[Historical Review] The Limits of Papal Authority and the Fate of a Heretical pope: An exclusive interview with +Bishop Athanasius Schneider (2nd Look)


Pope Vigilius

In an exclusive interview with Lifesitenews , Bishop +Athanasius Schneider elaborated on his essay which is one of the most exhaustive pieces written to the question of a heretical Pope in our modern day. I will be honing in one particular comment made in this interview, which was teased out more fully in the essay, and then comment on it with the historical record in view.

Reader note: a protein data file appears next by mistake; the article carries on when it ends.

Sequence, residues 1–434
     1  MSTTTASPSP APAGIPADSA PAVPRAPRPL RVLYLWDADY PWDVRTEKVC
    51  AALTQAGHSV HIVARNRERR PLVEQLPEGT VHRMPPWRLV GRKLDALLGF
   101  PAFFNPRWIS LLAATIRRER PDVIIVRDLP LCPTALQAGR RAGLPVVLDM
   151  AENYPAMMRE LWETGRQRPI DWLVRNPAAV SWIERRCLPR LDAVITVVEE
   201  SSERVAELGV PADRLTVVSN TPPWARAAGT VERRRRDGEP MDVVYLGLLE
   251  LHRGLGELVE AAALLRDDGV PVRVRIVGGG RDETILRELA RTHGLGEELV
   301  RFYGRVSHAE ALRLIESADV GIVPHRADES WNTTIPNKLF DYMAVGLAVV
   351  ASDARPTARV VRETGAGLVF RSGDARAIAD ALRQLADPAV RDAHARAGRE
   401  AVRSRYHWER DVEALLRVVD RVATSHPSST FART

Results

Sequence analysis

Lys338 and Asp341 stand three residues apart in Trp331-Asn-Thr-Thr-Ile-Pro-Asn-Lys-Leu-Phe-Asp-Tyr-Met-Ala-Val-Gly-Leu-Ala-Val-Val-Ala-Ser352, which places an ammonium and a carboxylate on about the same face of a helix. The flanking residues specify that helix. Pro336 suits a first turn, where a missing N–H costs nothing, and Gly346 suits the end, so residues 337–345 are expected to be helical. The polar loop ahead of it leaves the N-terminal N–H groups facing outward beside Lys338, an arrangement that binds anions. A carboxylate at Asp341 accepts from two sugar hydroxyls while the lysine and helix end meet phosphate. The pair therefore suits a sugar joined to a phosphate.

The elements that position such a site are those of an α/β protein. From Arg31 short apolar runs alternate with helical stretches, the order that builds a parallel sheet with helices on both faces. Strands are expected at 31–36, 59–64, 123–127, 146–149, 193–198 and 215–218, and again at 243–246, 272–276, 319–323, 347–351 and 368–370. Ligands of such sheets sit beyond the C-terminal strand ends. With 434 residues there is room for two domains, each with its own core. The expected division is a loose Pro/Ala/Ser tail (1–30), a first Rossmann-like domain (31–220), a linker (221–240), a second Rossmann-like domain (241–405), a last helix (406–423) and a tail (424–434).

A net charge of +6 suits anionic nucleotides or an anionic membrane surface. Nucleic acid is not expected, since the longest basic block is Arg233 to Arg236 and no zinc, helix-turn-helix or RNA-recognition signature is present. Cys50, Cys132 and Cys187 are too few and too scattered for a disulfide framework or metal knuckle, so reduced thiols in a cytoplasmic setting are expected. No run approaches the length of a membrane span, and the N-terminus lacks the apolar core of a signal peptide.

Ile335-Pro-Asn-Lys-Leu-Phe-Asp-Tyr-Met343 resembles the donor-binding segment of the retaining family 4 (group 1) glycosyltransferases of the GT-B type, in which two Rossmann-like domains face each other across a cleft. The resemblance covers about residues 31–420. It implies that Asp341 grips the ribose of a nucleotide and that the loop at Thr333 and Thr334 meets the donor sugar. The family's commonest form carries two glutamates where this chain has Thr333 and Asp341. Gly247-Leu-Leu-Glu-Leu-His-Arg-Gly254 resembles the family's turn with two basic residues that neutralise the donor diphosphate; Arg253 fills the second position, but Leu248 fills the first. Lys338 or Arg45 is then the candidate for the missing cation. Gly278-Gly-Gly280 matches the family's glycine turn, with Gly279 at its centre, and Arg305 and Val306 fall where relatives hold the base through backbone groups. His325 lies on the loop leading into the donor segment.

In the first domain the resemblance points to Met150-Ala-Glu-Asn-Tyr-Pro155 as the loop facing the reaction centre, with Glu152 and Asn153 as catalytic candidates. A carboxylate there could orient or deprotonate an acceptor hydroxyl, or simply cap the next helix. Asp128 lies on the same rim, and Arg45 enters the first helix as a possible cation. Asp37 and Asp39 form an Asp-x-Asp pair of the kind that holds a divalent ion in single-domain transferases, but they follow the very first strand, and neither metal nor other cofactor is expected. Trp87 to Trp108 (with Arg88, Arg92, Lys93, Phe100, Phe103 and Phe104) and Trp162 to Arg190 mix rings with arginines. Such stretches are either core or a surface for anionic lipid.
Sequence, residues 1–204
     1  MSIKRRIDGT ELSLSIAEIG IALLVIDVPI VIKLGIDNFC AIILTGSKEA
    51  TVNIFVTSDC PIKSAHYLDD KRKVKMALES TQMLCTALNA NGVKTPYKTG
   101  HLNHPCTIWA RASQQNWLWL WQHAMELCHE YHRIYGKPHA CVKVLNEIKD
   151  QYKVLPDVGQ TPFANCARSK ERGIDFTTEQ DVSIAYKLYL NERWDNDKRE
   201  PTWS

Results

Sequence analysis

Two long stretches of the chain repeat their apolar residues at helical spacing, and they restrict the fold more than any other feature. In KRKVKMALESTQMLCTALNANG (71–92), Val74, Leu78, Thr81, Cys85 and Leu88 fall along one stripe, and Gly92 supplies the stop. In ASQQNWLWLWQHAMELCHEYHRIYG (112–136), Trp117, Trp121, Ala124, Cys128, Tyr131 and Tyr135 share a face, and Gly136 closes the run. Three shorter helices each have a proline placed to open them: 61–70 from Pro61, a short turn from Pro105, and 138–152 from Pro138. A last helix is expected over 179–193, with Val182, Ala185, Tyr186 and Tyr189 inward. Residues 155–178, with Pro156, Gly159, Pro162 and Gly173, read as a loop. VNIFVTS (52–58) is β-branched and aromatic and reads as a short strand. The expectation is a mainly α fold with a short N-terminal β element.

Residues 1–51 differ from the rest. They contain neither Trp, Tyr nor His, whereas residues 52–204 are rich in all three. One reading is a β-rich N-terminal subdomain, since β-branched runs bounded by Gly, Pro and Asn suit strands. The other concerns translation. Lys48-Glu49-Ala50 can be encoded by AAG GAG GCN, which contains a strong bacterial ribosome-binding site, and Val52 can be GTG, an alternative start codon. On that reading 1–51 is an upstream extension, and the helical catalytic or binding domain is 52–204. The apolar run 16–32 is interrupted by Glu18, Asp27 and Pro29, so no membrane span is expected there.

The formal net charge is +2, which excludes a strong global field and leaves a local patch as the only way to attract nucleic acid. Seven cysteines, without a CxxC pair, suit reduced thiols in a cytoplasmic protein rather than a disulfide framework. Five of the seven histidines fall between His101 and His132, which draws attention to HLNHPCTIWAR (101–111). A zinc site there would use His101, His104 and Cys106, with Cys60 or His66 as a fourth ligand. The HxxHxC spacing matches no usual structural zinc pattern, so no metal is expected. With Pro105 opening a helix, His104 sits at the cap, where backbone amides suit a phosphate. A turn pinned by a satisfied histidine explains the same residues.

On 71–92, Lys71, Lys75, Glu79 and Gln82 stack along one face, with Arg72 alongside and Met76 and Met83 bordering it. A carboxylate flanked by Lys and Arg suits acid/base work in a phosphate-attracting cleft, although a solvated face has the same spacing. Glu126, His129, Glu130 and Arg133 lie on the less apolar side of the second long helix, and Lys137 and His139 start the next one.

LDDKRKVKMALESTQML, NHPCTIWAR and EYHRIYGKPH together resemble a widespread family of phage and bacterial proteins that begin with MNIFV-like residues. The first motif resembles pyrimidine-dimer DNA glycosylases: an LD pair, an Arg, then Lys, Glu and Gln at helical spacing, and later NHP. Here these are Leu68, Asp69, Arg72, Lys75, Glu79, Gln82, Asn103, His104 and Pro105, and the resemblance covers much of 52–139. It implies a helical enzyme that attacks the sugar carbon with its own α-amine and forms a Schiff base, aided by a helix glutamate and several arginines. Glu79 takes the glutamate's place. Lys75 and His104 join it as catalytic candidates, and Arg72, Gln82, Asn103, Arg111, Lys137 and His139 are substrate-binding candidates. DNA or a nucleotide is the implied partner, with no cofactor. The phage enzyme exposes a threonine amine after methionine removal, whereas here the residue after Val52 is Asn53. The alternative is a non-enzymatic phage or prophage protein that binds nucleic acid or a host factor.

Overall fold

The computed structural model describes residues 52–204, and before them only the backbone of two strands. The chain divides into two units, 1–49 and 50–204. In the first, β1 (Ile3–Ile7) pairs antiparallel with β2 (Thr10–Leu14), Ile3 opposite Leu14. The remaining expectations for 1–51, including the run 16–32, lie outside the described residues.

When asked to give a nutshell of his position, Schneider responded saying:

The main idea of the essay is the following: A pope cannot be deposed by anyone and he cannot lose his office ipso facto for whatever reason. The Church has observed this truth for two thousand years and it has never happened that a pope was deposed because of heresy or that his pontificate was declared invalid because of heresy. No reason whatsoever, even if proposed by a saint or famous theologian – which nevertheless remains only an opinion and not a doctrine of the Church — justifies a breach with this unshakable constant tradition. It would introduce the revolutionary novelty of declaring a pope deposed or the loss of his office because of heresy.”